She said, “Cleopatra” said she hopes the court would be lenient with Jarvis because he is a young man with much potential.

An aunt said he is “a cool, quiet and good person,” Bacchus-Baptiste quoting the report as saying, adding that this description is repeated several times by other people, including by his aunts Princess Jackson and Dianna Jackson.

The lawyer said Sophie Williams, one of Jarvis’s ex-girlfriends, described him as “a quiet, helpful, kind, private and resourceful person” and that you can depend on him at any time.

She said Williams further said Jarvis is someone who does not like confusion and likes to solve problems and she was shocked by his offences.

The lawyer said this is interesting in light of the fact that some of the offences were committed against Jarvis’ girlfriend at the time.

Regarding the impact on the family of the victim, Bacchus-Baptiste quoted Josette Smith, one of the virtual complainants, as saying that Jarvis appeared to be a calm person.

“So, you have this same sentiment being expressed throughout, even by Josette Smith who is one of the virtual complainants in this matter.”

She pointed out that Smith went on to speak about the date of the incident “and an aggressive tone.

“… So, something happened on the day of the incident,” Bacchus-Baptiste said.

Regarding the impact of Jarvis’ crimes on the community, the lawyer said that Pastor Ophelia Lyttle said Jarvis was a quiet person and did not interact much.

“That is probably about the ninth person now speaking about his general demeanour, which is quiet and helpful,” the lawyer said, adding that Kenroy Boucher said Jarvis is a quiet person who he had never seen angry.

“Other community members said he was a cool person who did not say much to the community.

“Pleasant to be around”, “worked until the task was completed”, “exemplary employee”, “cooperative”, “willing”, the lawyer also quoted the report as saying.

‘a split personality’

She said there was “the one negative” which said that Jarvis had a split personality.

“Without any psychological report,” she said, adding that nowhere in the report did the psychologist say Jarvis had a split personality.

“But we have a layman telling the social worker he had a split personality and that to the effect that he was aware of it…” Bacchus-Baptiste said.

The lawyer said this was in keeping with the prosecution’s remarks that Jarvis was “this sick man; knew he was sick but applied for a gun four days before”.

She said this was “totally untrue according to the evidence but they picked out that four days before he applied for a gun”.

The lawyers argued that “this one negative” about Jarvis having a split personality is a finding that no layman can make and the court should not give any credence to it.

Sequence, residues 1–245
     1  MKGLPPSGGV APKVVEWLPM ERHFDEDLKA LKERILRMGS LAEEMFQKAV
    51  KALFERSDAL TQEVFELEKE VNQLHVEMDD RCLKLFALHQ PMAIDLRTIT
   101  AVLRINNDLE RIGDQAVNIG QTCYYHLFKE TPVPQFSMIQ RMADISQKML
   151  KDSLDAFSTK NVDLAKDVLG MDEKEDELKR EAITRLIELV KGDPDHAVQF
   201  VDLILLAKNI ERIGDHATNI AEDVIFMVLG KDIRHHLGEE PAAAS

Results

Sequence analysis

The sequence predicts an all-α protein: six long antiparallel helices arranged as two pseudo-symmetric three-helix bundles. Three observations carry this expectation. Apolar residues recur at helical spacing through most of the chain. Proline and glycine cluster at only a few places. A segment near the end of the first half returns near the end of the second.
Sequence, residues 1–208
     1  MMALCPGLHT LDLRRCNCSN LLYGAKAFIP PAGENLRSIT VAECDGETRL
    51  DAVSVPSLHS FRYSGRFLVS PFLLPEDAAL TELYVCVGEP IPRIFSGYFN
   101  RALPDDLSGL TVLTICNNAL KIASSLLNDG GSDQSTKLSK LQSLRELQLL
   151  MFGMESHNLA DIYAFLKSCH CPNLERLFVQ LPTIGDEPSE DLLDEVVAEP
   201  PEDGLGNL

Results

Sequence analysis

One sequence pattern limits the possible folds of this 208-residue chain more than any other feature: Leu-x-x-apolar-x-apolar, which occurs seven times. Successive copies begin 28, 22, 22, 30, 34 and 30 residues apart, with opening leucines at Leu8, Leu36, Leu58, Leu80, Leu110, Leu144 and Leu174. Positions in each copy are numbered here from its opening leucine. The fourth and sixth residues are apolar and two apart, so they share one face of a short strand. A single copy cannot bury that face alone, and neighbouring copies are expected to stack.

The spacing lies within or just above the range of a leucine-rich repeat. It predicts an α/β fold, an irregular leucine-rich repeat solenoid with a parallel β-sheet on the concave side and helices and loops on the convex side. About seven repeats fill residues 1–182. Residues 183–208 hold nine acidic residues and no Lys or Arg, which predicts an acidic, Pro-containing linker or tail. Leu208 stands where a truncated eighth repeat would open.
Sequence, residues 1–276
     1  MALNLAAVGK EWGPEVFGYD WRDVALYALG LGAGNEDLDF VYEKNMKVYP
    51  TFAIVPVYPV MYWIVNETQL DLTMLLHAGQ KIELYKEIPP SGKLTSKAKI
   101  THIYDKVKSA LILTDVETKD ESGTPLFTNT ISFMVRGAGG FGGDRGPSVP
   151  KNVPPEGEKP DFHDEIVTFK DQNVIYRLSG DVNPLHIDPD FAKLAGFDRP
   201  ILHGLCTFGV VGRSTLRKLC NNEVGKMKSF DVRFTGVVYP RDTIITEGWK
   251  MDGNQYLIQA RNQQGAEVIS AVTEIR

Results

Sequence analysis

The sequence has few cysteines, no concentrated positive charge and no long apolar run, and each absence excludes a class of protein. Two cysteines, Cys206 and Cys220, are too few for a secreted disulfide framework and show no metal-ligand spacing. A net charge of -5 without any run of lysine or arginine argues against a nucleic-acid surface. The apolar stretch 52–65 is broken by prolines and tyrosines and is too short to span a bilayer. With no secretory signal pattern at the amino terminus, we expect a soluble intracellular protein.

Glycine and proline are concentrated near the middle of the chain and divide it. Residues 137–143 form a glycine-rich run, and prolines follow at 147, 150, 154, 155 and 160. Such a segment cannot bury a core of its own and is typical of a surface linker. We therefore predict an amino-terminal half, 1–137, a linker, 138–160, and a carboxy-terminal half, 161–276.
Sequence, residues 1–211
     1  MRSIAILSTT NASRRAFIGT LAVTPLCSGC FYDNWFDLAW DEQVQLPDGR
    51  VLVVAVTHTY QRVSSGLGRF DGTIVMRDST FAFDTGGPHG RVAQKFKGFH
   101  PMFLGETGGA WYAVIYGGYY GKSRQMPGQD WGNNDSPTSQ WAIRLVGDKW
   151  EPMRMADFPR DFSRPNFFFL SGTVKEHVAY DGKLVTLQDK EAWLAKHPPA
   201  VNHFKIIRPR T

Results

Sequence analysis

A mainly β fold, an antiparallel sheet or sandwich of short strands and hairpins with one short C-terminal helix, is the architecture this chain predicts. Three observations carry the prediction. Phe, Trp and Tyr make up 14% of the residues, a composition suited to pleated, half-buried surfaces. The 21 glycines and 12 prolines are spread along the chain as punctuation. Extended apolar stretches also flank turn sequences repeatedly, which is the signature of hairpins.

The lawyer said in the conclusion of the report, the social workers said that Jarvis said he was sorry.

“That is the only place we see a little where it came out,” the lawyer told the court, adding that Jarvis was very disappointed when he read the report “because he expressed his remorse in many ways”.

She said such was his disappointment that he wrote a letter expressing it.

“I just see it here ‘and he was sorry’,” Bacchus-Baptiste said, adding that her client was very disappointed that his remorse was only reflected in the conclusion.

The lawyer said that the state requisitions and pays for such reports “and sometimes, you tend to get little biases coming forward”.

She said in the conclusion of the report, all 14 people who said good things about Jarvis was put into one paragraph and the one person who spoke negatively was put into two or three paragraphs.

“So, when you read it, it’s not balanced,” Bacchus-Baptiste, said.

She told the court that the most unacceptable part of the report was the social worker merely adopting the statements made by the victims to the DPP’s office without saying she had read and adopted them.

“She actually writes about what she said, making them her own words and her own social report on these people. That was unacceptable,” Bacchus-Baptiste said, adding that it was only in the last paragraph that the social worker said that she was not able to interview the victims.

“I don’t think this is acceptable in a social welfare report. I think there should be more balanced statements and that if something is said about the accused, he should be given an opportunity to ask him so he can respond.”

The lawyer said there are a number of negative things in the report which could have been put forward or explained in a more balanced way.

“Be that as it may, it was still a positive social welfare report,” Bacchus-Baptiste said.

Victims qualified to speak of psychological effect of crime?

She said that regarding the victim impacts she did not know what qualifies a victim to say what is their psychological effect.

“I understand emotional impact but without anybody analysing them, they have a whole big page, the bulk of the report, about the psychological impact on them and their mental state,” the lawyer said.

She said that the report did discuss trauma, something with which she had no problem, and the financial impact.

Most of what the widow and other victims said is what is expected, the lawyer said, adding that it must have been a traumatic experience for all of the victims.